In an update provided several hours after the April 28 launch, NASA said the Progress was also experiencing problems with its onboard propulsion, and had entered into a slow roll. Credit: NASA video grab

WASHINGTON — The loss of a Russian Progress spacecraft that started spinning out of control shortly after its April 28 launch is being blamed on an unexpected interaction between the spacecraft and the upper stage of its Soyuz rocket, the Russian space agency Roscosmos said June 1.

In a statement, Rocosmos said a “design peculiarity” between the Progress M-27M spacecraft and the upper stage of its Soyuz-2.1a rocket led to the accident. The statement did not discuss in detail how that design issue caused the accident other than citing the “frequency-dynamic characteristics of the linkage” between the spacecraft and upper stage.

The launch of the Progress started off normally, with the spacecraft appearing to separate into its planned orbit and on a trajectory to dock with the International Space Station six hours later. However, shortly after reaching orbit, the spacecraft went into a slow roll. Roscosmos deferred the docking to April 30, then canceled it entirely.

Controllers ultimately were unable to restore control of the spacecraft. It reentered over the Pacific Ocean without incident May 7.

The Roscosmos statement June 1 said that the problem “was not fully taken into account” during the design of the interface between the upper stage and the spacecraft. The launch was only the second time this updated version of the Soyuz rocket had been used for Progress launches. The issue, Roscosmos added, does not affect other satellite launches using the Soyuz-2.1a.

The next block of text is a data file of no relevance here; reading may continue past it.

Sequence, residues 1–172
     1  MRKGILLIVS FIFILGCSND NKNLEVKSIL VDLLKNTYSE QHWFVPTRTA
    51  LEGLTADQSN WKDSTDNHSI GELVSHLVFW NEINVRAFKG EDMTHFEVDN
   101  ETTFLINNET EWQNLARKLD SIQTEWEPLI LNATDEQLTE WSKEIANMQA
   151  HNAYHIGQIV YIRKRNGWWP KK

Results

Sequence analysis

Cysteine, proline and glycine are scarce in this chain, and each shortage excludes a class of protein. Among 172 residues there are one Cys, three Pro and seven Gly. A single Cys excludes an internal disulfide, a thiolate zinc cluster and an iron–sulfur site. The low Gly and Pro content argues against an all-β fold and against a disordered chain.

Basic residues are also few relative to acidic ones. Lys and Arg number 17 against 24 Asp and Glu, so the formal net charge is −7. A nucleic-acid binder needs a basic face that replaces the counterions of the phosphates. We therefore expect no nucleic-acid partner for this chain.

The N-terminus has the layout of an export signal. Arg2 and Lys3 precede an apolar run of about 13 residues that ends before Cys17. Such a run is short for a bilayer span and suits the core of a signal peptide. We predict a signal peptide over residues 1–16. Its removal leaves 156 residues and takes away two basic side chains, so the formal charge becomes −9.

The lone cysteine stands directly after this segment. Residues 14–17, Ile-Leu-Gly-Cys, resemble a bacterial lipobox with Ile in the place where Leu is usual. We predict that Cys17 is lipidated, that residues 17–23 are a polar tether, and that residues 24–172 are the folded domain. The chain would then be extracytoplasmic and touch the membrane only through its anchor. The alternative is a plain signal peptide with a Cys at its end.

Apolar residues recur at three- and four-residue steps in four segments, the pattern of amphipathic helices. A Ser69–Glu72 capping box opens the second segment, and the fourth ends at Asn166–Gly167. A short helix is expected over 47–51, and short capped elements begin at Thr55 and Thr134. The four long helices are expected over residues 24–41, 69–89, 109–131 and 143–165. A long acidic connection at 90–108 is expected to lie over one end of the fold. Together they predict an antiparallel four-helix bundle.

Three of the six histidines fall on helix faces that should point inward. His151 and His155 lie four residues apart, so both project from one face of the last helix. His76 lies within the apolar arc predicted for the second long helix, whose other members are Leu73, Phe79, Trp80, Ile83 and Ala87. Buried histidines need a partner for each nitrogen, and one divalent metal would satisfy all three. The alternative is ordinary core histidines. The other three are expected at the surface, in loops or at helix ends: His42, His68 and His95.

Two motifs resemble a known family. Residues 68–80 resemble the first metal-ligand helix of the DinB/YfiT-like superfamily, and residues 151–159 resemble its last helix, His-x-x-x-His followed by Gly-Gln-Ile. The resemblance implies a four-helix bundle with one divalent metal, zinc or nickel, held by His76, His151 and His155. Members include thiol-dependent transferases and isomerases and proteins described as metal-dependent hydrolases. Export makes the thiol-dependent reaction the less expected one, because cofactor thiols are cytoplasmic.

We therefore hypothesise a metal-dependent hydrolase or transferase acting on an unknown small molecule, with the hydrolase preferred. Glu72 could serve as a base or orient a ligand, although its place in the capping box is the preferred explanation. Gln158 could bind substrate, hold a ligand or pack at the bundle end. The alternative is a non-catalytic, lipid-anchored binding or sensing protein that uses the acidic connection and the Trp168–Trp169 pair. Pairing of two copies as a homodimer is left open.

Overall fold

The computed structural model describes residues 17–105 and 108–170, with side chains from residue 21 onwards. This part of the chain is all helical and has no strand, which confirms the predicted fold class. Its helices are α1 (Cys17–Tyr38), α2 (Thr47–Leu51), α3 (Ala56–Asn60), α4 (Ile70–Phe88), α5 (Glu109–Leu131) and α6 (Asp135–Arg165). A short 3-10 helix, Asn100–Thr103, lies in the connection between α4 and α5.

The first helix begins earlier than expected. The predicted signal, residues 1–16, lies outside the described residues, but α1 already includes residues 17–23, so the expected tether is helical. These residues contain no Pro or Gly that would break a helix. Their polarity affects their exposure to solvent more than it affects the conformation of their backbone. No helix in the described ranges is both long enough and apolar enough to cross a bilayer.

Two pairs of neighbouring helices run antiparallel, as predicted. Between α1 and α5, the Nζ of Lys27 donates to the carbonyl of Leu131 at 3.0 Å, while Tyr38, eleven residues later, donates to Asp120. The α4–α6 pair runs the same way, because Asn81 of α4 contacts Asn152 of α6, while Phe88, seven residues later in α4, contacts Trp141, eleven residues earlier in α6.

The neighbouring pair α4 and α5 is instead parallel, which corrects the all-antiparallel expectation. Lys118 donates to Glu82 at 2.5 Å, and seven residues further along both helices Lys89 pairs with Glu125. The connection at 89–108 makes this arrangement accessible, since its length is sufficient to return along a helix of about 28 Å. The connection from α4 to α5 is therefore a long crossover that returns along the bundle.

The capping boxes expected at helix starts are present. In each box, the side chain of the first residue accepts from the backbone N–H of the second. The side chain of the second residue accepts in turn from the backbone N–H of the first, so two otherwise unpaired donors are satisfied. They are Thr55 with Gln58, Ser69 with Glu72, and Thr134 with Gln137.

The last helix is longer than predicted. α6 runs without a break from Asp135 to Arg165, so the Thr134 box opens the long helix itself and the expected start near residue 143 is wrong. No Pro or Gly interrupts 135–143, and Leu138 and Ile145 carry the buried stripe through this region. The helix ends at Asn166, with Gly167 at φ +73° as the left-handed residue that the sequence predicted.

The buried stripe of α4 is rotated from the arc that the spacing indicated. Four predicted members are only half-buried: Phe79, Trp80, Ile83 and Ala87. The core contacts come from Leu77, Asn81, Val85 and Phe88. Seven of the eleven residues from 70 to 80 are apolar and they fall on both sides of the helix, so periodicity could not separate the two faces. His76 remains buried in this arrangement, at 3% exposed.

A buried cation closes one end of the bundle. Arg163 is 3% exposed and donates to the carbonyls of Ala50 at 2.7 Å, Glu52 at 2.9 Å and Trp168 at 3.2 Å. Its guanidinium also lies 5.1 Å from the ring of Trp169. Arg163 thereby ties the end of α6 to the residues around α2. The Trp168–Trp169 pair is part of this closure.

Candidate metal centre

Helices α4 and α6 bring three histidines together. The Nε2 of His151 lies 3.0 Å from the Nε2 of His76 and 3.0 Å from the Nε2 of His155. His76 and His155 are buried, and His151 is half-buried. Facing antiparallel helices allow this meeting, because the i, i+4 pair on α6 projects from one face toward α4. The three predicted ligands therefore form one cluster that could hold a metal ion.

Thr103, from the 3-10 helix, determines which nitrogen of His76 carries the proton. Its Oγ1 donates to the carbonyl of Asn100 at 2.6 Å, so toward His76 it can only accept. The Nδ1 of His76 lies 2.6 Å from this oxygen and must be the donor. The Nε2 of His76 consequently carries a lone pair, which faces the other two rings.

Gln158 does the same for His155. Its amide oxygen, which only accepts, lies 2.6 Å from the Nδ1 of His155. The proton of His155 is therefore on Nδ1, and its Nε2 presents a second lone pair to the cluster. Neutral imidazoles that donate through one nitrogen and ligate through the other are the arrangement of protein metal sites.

NASA was not directly involved in the investigation, but was kept informed of its work. “Roscosmos has regularly updated NASA International Space Station program personnel that work with our Russian counterparts on a day-to-day basis on the status of the investigation,” NASA spokesman Dan Huot said June 1.

Roscosmos said in its statement an updated schedule of Progress and Soyuz spacecraft missions to the ISS will be published by June 9. In May, the ISS partners agreed to delay the launch of the next crew, previously scheduled for May 26, to late July, after a Progress launch moved up from early August to early July.

That launch delay also pushed back the departure of three of the six people currently on the ISS: American astronaut Terry Virts, Italian astronaut Samantha Cristoforetti, and Russian cosmonaut Anton Shkaplerov. Originally scheduled to leave the station on their Soyuz TMA-15M spacecraft May 13, the three are now expected to return home by mid-June.

The Expedition 44/45 crew has a little longer to wait for their upcoming Soyuz launch to the International Space Station. Credit: NASA/Bill Ingalls
The Expedition 44/45 crew has a little longer to wait for their upcoming Soyuz launch to the International Space Station. Credit: NASA/Bill Ingalls

Jeff Foust writes about space policy, commercial space, and related topics for SpaceNews. He earned a Ph.D. in planetary sciences from the Massachusetts Institute of Technology and a bachelor’s degree with honors in geophysics and planetary science...